How revealing frustration sinks media interviews

When getting grilled by a journalist, going on the offensive is rarely a successful strategy. Here’s why getting angry at a reporter is likely to backfire.

Frustrated_By_Interview_Questions

One of the golden rules of a successful interview is to not show any frustration at the questions being asked.

Awkward questions that a spokesperson would rather not answer will inevitably be asked in interviews. Any suggestion that they are frustrated or annoyed by that line of questioning will be seen as them having something to hide.

Spokespeople often seem to struggle with difficult or challenging questions when they believe they are talking about something positive.

There was a great example of this in Australia recently. New South Wales premier, Gladys Berejiklian, and transport minister, Andrew Constance, were riding a new $368 light rail in Newcastle ahead of its official launch. After stepping off the tram they held a press conference where they clearly wanted to speak glowingly about the project and its benefits.

However, when Newcastle Herald reporter Michael Parris’s line of questioning took on a more challenging tone, the politicians struggled to hide their disdain:

Parris: “You committed four years ago to release a business case for the extension [to the project] …We still have not seen it?”

Constance: “Ah well…sorry what media outlet are you from?”

Parris: “Newcastle Herald.”

Berejiklian: “Yeah, that’s normal for them. That’s just operation normal.”

Constance: “I just hope you have a little bit of a positive outlook on today because it is a wonderful outcome for the city and its good news for everyone.”

Parris: “You talk about a positive outcome, but as we rode the tram today, the streets were virtually empty, and you keep talking about revitalization and that’s not the message we are getting from business people in the town.”

Berejiklian: “Have you spoken to the Hunter Business Chamber?”

Parris: “I have, I’ve spoken to the business chamber. I’ve walked up and down the street and spoken to just about every shopkeeper.

Constance: “Mate, just let me say this to you. Since we’ve taken the heavy rail up there’s been $3 billion of private sector investment into the city. Everyone across the state, even in Bega, is talking about what’s happening in Newcastle. You’ve got a city to be proud of and, you know what, I think there’s an obligation on the part of the Newcastle Herald to be very positive about this town because it is a wonderful place.”

The exchange was caught on camera and the video is worth watching because the body language on display certainly adds to the feeling of the politicians treating the journalist with disdain.

At best, they come across as being arrogant. Plus, their approach to the questions became the focus of the story for several media organizations. Consider these stories:

  • “NSW Premier and Transport Minister mock reporter who asks them hard questions about Newcastle’s brand-new but ’empty’ $368million light rail system” – Daily Mail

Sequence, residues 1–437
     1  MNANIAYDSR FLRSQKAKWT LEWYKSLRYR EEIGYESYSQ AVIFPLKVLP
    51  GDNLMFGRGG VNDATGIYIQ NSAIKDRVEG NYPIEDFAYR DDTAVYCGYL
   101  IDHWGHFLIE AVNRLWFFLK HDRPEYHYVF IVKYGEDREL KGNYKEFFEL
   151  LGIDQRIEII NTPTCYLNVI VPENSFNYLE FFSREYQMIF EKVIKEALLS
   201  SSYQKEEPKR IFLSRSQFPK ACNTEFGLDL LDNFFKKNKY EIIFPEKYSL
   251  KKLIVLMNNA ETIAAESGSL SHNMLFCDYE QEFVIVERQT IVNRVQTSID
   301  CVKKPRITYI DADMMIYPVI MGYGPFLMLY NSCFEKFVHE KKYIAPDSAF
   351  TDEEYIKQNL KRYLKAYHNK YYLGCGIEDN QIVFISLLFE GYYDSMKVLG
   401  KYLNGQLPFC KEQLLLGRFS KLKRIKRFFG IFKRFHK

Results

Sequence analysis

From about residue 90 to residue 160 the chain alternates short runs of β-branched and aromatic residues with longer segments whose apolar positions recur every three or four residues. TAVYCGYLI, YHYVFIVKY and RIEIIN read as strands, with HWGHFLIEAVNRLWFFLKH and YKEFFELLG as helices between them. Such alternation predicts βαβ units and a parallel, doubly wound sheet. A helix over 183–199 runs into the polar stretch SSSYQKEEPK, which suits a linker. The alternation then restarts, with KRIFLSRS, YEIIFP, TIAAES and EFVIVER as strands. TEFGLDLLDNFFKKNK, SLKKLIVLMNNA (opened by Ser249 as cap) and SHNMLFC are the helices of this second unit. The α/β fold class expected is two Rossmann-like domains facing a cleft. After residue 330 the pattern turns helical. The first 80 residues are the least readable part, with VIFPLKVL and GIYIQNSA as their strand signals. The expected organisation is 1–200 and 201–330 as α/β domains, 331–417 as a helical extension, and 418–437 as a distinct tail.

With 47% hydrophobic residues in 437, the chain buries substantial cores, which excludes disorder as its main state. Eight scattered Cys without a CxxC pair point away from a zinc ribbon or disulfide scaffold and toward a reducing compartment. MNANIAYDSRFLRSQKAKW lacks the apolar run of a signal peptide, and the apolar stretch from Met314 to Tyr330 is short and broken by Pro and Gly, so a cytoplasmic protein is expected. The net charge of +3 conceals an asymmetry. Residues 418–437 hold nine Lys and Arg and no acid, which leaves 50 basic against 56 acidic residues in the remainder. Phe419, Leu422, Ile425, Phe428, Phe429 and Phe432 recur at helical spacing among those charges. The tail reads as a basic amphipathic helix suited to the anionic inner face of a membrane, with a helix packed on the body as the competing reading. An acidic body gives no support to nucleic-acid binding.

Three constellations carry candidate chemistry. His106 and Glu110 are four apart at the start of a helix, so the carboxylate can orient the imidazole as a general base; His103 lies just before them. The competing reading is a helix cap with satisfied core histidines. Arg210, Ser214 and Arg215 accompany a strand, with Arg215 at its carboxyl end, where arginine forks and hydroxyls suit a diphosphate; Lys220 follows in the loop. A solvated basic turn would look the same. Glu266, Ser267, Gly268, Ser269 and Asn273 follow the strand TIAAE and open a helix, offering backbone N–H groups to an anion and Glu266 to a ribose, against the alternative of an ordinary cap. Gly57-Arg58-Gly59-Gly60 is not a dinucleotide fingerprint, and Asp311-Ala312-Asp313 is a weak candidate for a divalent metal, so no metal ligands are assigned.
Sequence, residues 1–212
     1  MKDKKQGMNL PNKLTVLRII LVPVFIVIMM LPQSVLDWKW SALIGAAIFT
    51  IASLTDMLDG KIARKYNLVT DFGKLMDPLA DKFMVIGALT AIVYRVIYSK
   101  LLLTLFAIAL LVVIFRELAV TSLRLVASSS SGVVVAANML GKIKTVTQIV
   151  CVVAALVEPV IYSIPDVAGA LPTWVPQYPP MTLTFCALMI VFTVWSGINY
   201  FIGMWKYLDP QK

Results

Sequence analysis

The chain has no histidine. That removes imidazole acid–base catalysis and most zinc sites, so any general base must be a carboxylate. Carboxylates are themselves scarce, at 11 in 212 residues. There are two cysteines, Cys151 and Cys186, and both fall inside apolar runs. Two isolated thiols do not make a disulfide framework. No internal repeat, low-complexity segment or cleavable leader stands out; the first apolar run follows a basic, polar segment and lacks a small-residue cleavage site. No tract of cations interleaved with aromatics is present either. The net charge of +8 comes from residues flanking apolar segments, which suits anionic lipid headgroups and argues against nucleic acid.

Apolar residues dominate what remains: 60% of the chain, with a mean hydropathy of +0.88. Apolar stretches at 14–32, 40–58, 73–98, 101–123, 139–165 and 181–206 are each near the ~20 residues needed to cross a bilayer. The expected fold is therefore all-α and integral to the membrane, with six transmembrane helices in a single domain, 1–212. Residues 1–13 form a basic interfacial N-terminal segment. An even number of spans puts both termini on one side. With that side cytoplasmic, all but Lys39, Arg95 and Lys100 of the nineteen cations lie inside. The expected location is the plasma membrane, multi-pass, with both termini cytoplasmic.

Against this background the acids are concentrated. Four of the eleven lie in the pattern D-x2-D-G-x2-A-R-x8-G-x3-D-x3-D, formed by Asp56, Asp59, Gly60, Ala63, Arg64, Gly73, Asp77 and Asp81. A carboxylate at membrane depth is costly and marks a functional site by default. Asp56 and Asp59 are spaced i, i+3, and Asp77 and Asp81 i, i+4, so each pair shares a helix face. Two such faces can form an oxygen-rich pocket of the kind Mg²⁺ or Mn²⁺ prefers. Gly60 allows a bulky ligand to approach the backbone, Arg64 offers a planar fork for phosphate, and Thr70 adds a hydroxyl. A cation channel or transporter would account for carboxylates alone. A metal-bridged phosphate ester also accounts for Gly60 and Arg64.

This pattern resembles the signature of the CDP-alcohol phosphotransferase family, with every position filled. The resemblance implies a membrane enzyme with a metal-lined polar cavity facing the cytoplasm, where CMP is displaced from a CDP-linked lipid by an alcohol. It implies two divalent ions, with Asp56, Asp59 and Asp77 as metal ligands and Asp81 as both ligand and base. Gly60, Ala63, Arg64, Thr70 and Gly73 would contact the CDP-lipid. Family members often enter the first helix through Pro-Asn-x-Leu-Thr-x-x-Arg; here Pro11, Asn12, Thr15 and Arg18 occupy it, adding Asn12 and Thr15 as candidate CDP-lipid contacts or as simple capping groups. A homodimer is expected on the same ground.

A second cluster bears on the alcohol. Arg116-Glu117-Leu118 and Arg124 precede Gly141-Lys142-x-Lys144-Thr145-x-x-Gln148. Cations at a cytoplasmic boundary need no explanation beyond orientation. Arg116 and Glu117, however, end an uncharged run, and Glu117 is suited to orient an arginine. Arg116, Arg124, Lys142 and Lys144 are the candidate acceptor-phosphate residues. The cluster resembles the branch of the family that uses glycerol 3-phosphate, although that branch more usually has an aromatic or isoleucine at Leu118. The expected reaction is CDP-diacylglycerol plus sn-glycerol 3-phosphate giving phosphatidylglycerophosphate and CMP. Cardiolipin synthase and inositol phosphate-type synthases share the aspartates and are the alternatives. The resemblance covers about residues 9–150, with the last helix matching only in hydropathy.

• “NSW Premier Gladys Berejiklian slammed over ‘Trump-like response’ to Newcastle journalist” – ABC News
  • “Gladys Berejiklian filmed mocking a reporter for asking tough questions about an expensive light rail project” – com.au

There was also plenty of social media criticism:

The approach taken in this press conference feels like a softer version of the tactics employed by Donald Trump who regularly criticizes journalists and the organizations they work for when he doesn’t like a question. You may recall that he once responded to a question from CNN reporter Abby Phillip by saying: “What a stupid question that is. What a stupid question.”

He then went on to add: “I watch you a lot. You ask a lot of stupid questions.”

This isn’t just a tactic employed by politicians. Recently, tennis star Maria Sharapova responded to questions she didn’t like by saying “I think that is a silly question to ask” and “Is there another question.”

However, treating reporters and their difficult questions with disdain is a bad move. A far better approach is to use media training skills to manage unwanted and challenging questions.

Bridging, for example, enables a spokesperson to briefly answer, or at least acknowledge the question, before taking control and steering the interview to something they are more comfortable talking about. When it is used well, it sounds very natural and can be difficult for most people to detect.

It is also crucial that spokespeople anticipate and prepare for difficult questions so that they know how they will respond.  If you believe what the politicians say about it being “normal” for the Newcastle Herald to ask difficult questions, then surely the best approach is to try to anticipate what its reporters might ask this time.

If you substitute the word “politicians” for “spokespeople,” the Newcastle Herald’s editorial section best summed it up when it said: “Asking questions politicians would prefer not to be asked, however, is what the media is here for. It’s what the community demands. And we’ll keep asking.”

Adam Fisher is the content editor for Media First, a media and communications training firm with over 30 years of experience. A version of this article originally appeared on the Media First blog.

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